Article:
Fry to pasta: what sports­peo­ple now have on their plate

The di­etary re­quire­ments and habits of elite ath­letes have changed rad­i­cally

The Irish Times - Monday - Sport - - Sports - RUAIDHRÍ CROKE

It was the night be­fore the 2018 All-Ire­land se­nior hurl­ing fi­nal, and a re­al­i­sa­tion dawned on Lim­er­ick’s Aaron Gil­lane: his mother would not be around to cook him his usual pre-match break­fast.

She and his fa­ther, brother and sis­ter had trav­elled up to Dublin to stay in a ho­tel the night be­fore the Croke Park show­down with Gal­way, and Gil­lane was at a loss be­cause his rou­tine of a life­time was thrown out of kil­ter. Some 24 hours later the 22-year-old would be cel­e­brat­ing Lim­er­ick’s first All-Ire­land ti­tle in 45 years, and, de­spite it all, his rou­tine had not been bro­ken. “My mother drove back down on the Satur­day night so she could make my break­fast the next morn­ing. Just to keep the rou­tine. She makes my break­fast be­fore ev­ery match; three poached eggs and three rash­ers. I shouldn’t be telling Joe O’Con­nor that, but it did the trick for me. Rou­tine is im­por­tant, tick­ing the boxes.”


That’s cer­tainly ded­i­ca­tion from Mrs Gil­lane, and it shows just how cru­cial rou­tine is for sports­peo­ple, par­tic­u­larly when it comes to food. A six-time All-Ire­land win­ner with Kerry, Dar­ragh Ó Sé saw plenty of changes in how in­ter­county teams dealt with nu­tri­tion from the start of his ca­reer in 1993 un­til re­tire­ment in 2010. “If you had a home game you’d have your own break­fast in the morn­ing which, back in the day, would con­sist of a fry or what­ever. it also de­pended on the time of the game.

“Whether you wanted to or not you were told to eat at a cer­tain time. I re­mem­ber an hour be­fore the game hav­ing tea and sand­wiches – the worst thing you could be hav­ing with all that white bread in your tummy when you’re play­ing. I re­mem­ber be­fore the Mun­ster fi­nal in 1997 in Lim­er­ick we had sand­wiches be­fore and sure af­ter­wards half the team was sick. The only fella that didn’t get sick was the fella who drank too much af­ter the game be­cause that must have killed the bug!”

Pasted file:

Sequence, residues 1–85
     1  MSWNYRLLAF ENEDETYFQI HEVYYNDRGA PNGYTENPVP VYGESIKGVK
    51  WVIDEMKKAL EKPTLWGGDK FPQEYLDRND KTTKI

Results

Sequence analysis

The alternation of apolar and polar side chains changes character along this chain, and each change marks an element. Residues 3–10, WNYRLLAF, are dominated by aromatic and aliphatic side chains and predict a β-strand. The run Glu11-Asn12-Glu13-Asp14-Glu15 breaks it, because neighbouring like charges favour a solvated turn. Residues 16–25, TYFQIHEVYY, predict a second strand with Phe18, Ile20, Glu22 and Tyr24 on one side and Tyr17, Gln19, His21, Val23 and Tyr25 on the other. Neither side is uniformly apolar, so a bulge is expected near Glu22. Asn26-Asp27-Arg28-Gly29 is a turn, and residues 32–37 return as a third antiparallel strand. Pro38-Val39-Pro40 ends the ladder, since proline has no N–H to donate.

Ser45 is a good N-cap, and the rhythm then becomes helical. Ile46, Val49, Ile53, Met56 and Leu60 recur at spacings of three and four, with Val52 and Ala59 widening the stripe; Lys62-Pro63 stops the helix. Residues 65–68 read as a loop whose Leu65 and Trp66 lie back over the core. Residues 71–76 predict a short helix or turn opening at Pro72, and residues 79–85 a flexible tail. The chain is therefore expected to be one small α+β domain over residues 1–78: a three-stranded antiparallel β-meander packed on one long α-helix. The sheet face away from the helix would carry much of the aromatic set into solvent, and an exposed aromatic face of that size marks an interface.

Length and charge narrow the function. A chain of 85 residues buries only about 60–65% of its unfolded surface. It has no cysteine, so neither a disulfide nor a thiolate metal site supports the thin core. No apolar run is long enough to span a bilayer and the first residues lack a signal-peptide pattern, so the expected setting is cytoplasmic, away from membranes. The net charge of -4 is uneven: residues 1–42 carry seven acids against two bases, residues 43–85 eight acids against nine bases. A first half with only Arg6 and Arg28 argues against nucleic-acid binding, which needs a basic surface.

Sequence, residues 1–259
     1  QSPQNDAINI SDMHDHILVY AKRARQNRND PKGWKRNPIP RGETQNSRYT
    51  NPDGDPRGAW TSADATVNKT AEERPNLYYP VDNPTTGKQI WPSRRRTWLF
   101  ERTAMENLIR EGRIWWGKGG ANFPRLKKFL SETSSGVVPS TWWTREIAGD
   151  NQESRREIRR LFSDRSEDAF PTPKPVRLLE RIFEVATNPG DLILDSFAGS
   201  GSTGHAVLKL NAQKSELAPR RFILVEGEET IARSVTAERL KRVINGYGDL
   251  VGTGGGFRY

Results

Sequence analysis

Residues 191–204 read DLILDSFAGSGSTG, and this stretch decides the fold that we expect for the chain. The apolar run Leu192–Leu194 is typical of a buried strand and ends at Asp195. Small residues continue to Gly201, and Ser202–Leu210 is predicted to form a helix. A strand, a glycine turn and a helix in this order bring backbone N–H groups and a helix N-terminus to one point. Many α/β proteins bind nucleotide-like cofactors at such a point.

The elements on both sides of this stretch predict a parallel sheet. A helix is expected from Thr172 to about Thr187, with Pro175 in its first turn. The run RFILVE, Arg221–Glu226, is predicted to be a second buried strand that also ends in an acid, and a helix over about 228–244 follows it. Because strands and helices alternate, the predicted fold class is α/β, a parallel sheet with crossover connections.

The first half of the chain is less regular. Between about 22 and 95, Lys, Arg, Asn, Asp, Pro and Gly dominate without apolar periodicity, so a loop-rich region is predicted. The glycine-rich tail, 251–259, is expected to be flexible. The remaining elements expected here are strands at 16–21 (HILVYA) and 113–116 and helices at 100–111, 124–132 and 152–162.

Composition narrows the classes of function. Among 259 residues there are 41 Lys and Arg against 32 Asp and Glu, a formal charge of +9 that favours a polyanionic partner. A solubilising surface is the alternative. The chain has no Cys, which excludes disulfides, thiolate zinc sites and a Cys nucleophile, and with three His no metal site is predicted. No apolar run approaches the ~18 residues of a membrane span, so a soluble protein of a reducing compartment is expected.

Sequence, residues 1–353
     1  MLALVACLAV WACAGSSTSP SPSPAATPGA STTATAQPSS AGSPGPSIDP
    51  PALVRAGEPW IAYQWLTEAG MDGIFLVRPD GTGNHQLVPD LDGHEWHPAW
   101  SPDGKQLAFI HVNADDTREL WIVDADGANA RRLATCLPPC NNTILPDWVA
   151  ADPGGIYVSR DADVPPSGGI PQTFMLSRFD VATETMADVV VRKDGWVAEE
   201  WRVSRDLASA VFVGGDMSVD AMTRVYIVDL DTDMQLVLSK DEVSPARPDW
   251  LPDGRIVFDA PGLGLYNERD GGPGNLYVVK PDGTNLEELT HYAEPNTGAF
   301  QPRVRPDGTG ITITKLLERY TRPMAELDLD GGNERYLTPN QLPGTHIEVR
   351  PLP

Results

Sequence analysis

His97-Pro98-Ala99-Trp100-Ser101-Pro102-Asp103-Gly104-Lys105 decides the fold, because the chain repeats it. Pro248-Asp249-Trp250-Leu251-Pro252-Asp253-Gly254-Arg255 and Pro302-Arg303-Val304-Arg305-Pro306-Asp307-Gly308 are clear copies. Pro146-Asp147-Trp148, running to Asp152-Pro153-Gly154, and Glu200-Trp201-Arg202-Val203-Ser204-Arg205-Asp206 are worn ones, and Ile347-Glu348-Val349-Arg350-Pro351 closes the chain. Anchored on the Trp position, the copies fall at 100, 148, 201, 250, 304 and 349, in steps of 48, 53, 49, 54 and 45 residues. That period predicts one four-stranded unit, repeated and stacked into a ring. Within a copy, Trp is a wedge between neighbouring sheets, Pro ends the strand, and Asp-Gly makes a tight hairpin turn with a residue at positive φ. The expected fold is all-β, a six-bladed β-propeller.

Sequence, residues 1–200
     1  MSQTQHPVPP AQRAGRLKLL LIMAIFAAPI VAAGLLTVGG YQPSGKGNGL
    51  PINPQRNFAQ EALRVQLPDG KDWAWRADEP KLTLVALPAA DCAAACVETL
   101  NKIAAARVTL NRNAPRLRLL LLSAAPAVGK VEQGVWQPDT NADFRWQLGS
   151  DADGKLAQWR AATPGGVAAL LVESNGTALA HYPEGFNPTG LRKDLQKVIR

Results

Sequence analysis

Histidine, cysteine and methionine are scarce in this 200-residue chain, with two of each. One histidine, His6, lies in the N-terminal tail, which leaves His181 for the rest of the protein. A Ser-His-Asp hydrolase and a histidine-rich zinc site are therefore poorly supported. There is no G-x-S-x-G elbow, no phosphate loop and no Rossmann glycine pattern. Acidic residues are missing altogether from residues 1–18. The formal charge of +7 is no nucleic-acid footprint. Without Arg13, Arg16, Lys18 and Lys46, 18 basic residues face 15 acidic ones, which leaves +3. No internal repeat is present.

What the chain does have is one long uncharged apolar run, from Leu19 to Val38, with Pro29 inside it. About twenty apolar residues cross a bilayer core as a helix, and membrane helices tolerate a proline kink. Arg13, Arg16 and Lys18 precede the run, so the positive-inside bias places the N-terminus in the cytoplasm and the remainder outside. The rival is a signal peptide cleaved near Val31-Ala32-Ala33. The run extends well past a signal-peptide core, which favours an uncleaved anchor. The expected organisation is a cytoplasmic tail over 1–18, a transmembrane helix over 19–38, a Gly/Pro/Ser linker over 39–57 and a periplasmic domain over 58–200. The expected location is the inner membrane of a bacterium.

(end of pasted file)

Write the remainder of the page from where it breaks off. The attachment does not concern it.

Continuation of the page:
One of the big­gest con­tro­ver­sies to come out of the Manch­ester United camp shortly af­ter David Moyes took over as man­ager in 2013 was that he had banned chips at the Car­ring­ton train­ing ground can­teen. It ran­kled so much with Rio Fer­di­nand he still seemed ag­grieved when he wrote about it in his au­to­bi­og­ra­phy years later. “It’s not some­thing to go to the bar­ri­cades over [the chips]. But all the lads were p **** d off,” Fer­di­nand wrote.

And guess what hap­pened af­ter Moyes left and Ryan Giggs took over? “Moyes has been gone about 20 min­utes, we’re on the bikes warm­ing up for the first train­ing ses­sion and one of the lads says: ‘You know what? We’ve got to get on to Gig­gsy. We’ve got to get him to get us our f ***** g chips back’.”

Chips were a long-time sta­ple of pro­fes­sional soc­cer teams, with steak and chips or egg and chips be­ing two of the pre-match meals of choice through­out the 20th cen­tury. Steak was thought to pro­vide the en­ergy needed.

In his au­to­bi­og­ra­phy Jimmy Greaves de­scribes “head­ing off to Moody’s cafe in Can­ning Town where we would or­der our pre-match meal of roast beef and York­shire with all the trim­mings or pie and mash fol­lowed by black­cur­rant crum­ble and cus­tard”.

Red meat

The lik­ing for red meat went across all sports, with the 1949 US Ry­der Cup team turn­ing up in Eng­land armed with 600 steaks, six hams, 12 sides of beef and four boxes of ba­con to sus­tain them­selves and their wives for the month that they would spend on this side of the At­lantic. It was quickly daubed “Meat­gate” by the Bri­tish press, and be­came the main news story in the build-up to the event.

Over the years red meat be­fore matches has turned to white, with chicken along­side pasta or rice be­com­ing the trusted forms of slow-re­leas­ing en­ergy.

“There were def­i­nitely huge changes over the years, even just in the in­take of water to stop de­hy­dra­tion,” Ó Sé says. “That was rel­a­tively ig­nored when I started off in 1993. You were told to drink water but it wasn’t over­seen. It be­came more pro­tein-based with rice and pasta and things like that.”

Salty rash­ers don’t ex­actly come un­der the cat­e­gory of pro­tein-based, and are far from the ideal food to be eat­ing to stay hy­drated, but, as Gil­lane showed in Au­gust, ba­con is a per­fectly ac­cept­able way to start the day when you’re end­ing 45 years of hurt.

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